Lala was originally a way to swap used music CDs, similar to an eBay meets NetFlix, similar to PeerFlix. They have been gradually moving in a digital fashion, and last week they launched a fairly aggressive move in the digital space, with the initial support of Warner Music and of some indie labels.
The basis of the service is a free, unlimited streaming service which encourages users to share playlists and then purchase the digital albums, which can be loaded directly to your iPod without using iTunes. In addition, the program scans your hard drive and uploads the music it finds to the service so you can access it online.
I could further discuss the feature set and pricing model, but it's really not worth even spending the digital ink on it. There is literally no logical business basis for this service, and we will look back at this as one of the signs of Bubble #2, just like College Club, Free ISP services, and other similar gambits were a hallmark of the last Bubble.
The reasons are clear:
- There is a very limited set of content for the service, with no reason to believe they will have a full set of content any time soon.
- iTunes/Apple has a history of blocking 3rd party systems which access their iPods - it doesn't stop the usurpers forever, but it makes for a difficult user experience, having lived through it at RealNetworks when we went through that process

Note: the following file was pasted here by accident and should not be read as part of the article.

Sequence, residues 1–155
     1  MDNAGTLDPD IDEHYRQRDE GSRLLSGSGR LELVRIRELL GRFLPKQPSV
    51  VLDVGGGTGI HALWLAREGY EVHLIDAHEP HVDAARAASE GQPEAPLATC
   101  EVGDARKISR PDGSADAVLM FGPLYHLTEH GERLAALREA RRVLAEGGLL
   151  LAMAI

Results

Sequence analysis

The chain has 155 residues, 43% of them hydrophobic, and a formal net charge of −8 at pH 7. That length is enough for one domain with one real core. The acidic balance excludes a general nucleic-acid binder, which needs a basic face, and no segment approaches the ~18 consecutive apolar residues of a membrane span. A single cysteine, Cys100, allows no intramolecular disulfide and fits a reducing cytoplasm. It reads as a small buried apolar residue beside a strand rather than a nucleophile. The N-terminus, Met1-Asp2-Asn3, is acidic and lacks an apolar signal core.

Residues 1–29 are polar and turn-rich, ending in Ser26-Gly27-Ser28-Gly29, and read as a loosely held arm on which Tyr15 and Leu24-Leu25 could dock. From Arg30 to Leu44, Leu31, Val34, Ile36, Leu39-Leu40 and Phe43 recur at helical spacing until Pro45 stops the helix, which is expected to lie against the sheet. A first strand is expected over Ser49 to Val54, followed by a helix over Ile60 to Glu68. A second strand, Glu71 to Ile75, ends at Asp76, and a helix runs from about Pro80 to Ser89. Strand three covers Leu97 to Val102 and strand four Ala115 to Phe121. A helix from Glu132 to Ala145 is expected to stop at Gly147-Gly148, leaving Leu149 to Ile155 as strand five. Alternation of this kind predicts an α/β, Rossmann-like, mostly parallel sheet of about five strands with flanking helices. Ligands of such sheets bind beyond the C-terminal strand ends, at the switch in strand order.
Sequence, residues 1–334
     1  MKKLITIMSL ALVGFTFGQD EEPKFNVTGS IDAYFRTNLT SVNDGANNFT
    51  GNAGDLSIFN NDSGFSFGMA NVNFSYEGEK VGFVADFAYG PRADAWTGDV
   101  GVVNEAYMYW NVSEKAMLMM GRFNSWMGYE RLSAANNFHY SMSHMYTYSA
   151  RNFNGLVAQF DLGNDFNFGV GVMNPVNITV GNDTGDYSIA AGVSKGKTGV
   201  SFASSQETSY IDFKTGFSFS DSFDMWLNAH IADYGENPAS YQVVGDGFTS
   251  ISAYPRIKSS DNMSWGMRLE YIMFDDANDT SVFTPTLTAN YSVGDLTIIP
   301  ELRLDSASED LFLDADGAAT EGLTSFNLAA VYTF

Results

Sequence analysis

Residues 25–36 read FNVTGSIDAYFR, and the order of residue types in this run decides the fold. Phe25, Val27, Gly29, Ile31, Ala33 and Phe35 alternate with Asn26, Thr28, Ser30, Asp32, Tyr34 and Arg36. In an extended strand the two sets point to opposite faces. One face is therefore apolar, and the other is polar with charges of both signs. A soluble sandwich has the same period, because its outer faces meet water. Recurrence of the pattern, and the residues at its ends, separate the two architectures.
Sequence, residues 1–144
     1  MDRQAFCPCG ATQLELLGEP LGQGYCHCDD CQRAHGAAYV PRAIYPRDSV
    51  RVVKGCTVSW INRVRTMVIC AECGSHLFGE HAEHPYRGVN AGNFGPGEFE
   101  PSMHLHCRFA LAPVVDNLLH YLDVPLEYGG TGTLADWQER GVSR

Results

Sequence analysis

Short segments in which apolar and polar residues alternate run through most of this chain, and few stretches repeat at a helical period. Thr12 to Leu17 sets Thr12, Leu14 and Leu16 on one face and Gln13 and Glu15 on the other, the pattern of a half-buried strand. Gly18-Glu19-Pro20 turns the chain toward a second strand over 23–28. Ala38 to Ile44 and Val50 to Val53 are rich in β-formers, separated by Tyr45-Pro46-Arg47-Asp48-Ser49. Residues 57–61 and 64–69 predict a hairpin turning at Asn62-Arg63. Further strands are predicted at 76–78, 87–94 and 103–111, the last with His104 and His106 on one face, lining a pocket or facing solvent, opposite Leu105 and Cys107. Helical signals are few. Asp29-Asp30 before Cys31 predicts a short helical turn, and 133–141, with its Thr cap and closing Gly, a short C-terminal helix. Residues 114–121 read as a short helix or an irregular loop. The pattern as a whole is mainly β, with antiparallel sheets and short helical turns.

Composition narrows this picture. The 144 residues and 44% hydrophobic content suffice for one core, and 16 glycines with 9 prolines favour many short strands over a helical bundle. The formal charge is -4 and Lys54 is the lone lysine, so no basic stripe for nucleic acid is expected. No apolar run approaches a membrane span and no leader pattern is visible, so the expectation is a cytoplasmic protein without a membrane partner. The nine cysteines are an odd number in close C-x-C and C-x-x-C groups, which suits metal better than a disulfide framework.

- The prices for digital albums don't seem to be cheaper than on iTunes - in fact, a spot check of albums appeared to show that LaLa was actually more expensive than iTunes.
- The 3MB LaLa browser plug-in doesn't truly communicate to you what's going to happen - then it starts scanning your hard drive and uploading the information to LaLa, without making it clear what's going on. Is happening as I write this note and is very irritating since it reminds me of the old P2P services.
- There doesn't appear to be any huge technology barriers to entry to their offering, which means that if the service actually became successful, the numerous other larger players would duplicate the model.
- Oh yeah - and the business model makes no sense. Unless the labels are giving LaLa a break on royalty costs (which is presumably not happening), then the ongoing costs are $6-8 a month per registered user, or some similar type of usage based royalty. Given that the digital commerce model offers providers like LaLa a 20% profit margin (including Apple at $1B in sales a year), the customer acquisition costs are going to be much higher than what the gross margin will be, even if we assume that users can be trained to purchase solely from LaLa given that it doesn't have a lot of content and appears to be more expensive than iTunes.
The running thesis is that LaLa has other ways to monetize the service, through advertising or other TBD sources, and that this is a way to ramp up interest (try LaLa.com in Quantcast to see how low the traffic appears to be) in the midst of a very competitive and low margin marketplace. We haven't seen those initiatives yet, but given the smart investors and management team, I assume there is actually a better plan coming - however, in the current vein of the movement to keep the TV show Jericho or as used in the classic WWII Battle of Bastogne, the answer is NUTS.